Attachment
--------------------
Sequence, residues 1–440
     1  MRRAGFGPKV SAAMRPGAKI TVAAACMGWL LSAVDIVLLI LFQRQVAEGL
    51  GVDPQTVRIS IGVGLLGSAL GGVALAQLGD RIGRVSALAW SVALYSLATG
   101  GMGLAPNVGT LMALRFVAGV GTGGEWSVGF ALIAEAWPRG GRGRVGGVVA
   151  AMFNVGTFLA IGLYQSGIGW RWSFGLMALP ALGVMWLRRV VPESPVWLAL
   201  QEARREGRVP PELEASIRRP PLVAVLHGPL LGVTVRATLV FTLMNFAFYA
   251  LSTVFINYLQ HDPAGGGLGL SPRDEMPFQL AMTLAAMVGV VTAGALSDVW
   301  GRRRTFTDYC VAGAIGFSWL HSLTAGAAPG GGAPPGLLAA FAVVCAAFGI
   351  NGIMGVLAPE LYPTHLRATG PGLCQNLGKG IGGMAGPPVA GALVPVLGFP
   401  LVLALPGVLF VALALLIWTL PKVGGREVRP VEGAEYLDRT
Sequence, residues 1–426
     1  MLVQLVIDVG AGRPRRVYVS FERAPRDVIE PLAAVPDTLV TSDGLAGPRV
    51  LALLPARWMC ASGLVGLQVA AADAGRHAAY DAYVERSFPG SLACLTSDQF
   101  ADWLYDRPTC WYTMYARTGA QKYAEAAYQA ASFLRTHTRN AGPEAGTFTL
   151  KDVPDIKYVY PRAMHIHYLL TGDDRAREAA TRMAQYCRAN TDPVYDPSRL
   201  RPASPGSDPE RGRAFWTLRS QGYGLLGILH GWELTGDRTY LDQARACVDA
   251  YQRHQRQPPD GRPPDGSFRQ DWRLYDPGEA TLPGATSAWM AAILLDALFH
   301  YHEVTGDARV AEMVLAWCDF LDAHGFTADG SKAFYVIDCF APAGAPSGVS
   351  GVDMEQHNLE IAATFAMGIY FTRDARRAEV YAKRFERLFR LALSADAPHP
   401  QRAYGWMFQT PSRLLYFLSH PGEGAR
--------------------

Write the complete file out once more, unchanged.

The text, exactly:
Sequence, residues 1–440
     1  MRRAGFGPKV SAAMRPGAKI TVAAACMGWL LSAVDIVLLI LFQRQVAEGL
    51  GVDPQTVRIS IGVGLLGSAL GGVALAQLGD RIGRVSALAW SVALYSLATG
   101  GMGLAPNVGT LMALRFVAGV GTGGEWSVGF ALIAEAWPRG GRGRVGGVVA
   151  AMFNVGTFLA IGLYQSGIGW RWSFGLMALP ALGVMWLRRV VPESPVWLAL
   201  QEARREGRVP PELEASIRRP PLVAVLHGPL LGVTVRATLV FTLMNFAFYA
   251  LSTVFINYLQ HDPAGGGLGL SPRDEMPFQL AMTLAAMVGV VTAGALSDVW
   301  GRRRTFTDYC VAGAIGFSWL HSLTAGAAPG GGAPPGLLAA FAVVCAAFGI
   351  NGIMGVLAPE LYPTHLRATG PGLCQNLGKG IGGMAGPPVA GALVPVLGFP
   401  LVLALPGVLF VALALLIWTL PKVGGREVRP VEGAEYLDRT
Sequence, residues 1–426
     1  MLVQLVIDVG AGRPRRVYVS FERAPRDVIE PLAAVPDTLV TSDGLAGPRV
    51  LALLPARWMC ASGLVGLQVA AADAGRHAAY DAYVERSFPG SLACLTSDQF
   101  ADWLYDRPTC WYTMYARTGA QKYAEAAYQA ASFLRTHTRN AGPEAGTFTL
   151  KDVPDIKYVY PRAMHIHYLL TGDDRAREAA TRMAQYCRAN TDPVYDPSRL
   201  RPASPGSDPE RGRAFWTLRS QGYGLLGILH GWELTGDRTY LDQARACVDA
   251  YQRHQRQPPD GRPPDGSFRQ DWRLYDPGEA TLPGATSAWM AAILLDALFH
   301  YHEVTGDARV AEMVLAWCDF LDAHGFTADG SKAFYVIDCF APAGAPSGVS
   351  GVDMEQHNLE IAATFAMGIY FTRDARRAEV YAKRFERLFR LALSADAPHP
   401  QRAYGWMFQT PSRLLYFLSH PGEGAR